IMELDA transvaginal approach to ectopic pregnancy: diagnosis by transvaginal hydrolaparoscopy and treatment by transvaginal natural orifice transluminal endoscopic surgery

The IMELDA transvaginal approach enables the exploration of pregnancies of unknown location and the treatment of ectopic pregnancies via minimally invasive transvaginal access without abdominal incisions.

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Volume 107, Issue 1, Pages e1-e2

Authors:

Jan Baekelandt, M.D., Jona Vercammen, M.D.

Abstract:

Objective

To demonstrate a new minimally invasive approach for the diagnosis and treatment of ectopic pregnancy.

Design

Stepwise explanation of the technique using original video footage.

Setting

Hospital.

Patient(s)

Since 2014, 15 patients were treated transvaginally for ectopic pregnancy and pregnancy of unknown location (PUL).

Intervention(s)

In case of a diagnosis of ectopic pregnancy on ultrasound, a 2.5-cm colpotomy is made under general anesthesia, and the ectopic pregnancy is treated by transvaginal natural orifice transluminal endoscopic surgery (vNOTES) salpingectomy or salpingostomy. In case of a PUL on ultrasound, transvaginal hydrolaparoscopy (TVHL), an established technique for fertility exploration under local or general anesthesia, is used to investigate. If a tubal pregnancy is confirmed on TVHL, the colpotomy is extended to a 2.5-cm incision, and the ectopic pregnancy is treated transvaginally by vNOTES. If the TVHL investigation of the pelvis is negative (fallopian tubes and ovaries are normal), the procedure is stopped and the patient is followed up further. If the TVHL is inconclusive, the NaCl is drained and CO2 is insufflated (requiring general anesthesia) through the 4-mm TVHL port to improve visualization. Again, an ectopic pregnancy is then treated by vNOTES, and in case of a negative investigation the procedure is stopped and the patient is followed up further.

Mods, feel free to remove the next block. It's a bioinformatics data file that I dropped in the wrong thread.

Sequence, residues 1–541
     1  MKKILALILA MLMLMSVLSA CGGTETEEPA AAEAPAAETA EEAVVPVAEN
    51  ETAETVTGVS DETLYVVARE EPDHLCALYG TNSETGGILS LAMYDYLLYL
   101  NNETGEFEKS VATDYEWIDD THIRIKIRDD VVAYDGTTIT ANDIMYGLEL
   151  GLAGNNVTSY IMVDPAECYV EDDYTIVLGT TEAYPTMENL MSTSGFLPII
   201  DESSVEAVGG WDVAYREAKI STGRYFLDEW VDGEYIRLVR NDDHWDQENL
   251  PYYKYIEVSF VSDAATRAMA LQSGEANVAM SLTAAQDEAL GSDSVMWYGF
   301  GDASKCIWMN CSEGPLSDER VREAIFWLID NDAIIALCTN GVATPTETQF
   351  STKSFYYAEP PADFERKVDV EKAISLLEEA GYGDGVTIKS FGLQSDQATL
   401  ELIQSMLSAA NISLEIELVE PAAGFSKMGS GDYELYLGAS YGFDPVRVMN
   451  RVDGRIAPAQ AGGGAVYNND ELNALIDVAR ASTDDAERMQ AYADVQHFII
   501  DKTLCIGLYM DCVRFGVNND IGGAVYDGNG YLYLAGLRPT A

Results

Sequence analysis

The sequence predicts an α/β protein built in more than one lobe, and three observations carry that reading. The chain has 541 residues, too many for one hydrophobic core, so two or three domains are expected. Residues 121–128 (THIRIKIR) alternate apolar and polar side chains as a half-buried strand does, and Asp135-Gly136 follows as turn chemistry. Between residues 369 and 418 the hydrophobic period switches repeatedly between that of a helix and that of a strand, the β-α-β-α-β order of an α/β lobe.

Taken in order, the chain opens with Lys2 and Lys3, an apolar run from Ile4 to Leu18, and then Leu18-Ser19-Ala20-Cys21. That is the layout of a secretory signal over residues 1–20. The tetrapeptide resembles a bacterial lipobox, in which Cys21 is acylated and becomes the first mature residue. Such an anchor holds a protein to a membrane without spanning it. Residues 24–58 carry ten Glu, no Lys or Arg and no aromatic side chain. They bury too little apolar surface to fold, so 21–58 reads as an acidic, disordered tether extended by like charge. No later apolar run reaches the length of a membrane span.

Main Outcome Measure(s)

Successful diagnosis and treatment of ectopic pregnancies.

Result(s)

All patients were successfully operated without complications or conversions to standard laparoscopy. Twelve patients were treated by vNOTES for ectopic pregnancy. Three TVHL explorations for PUL were negative, and these patients were followed up; two patients developed a normal intrauterine pregnancy, and the third patient was treated with methotrexate for persistent asymptomatic raised hCG levels.

Conclusion(s)

Transvaginal hydrolaparoscopy and vNOTES are complementary techniques enabling gynecologic surgeons to explore PUL and treat ectopic pregnancies via minimally invasive transvaginal access without abdominal incisions. A negative TVHL investigation leaves only a 4-mm perforation in the pouch of Douglas that does not require suturing. The IMELDA technique for the investigation and treatment of PUL and ectopic pregnancy is a novel approach that requires further investigation. It can provide improved patient comfort and better cosmetic results.


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Fertility and Sterility

Editorial Office, American Society for Reproductive Medicine

Fertility and Sterility® is an international journal for obstetricians, gynecologists, reproductive endocrinologists, urologists, basic scientists and others who treat and investigate problems of infertility and human reproductive disorders. The journal publishes juried original scientific articles in clinical and laboratory research relevant to reproductive endocrinology, urology, andrology, physiology, immunology, genetics, contraception, and menopause. Fertility and Sterility® encourages and supports meaningful basic and clinical research, and facilitates and promotes excellence in professional education, in the field of reproductive medicine.

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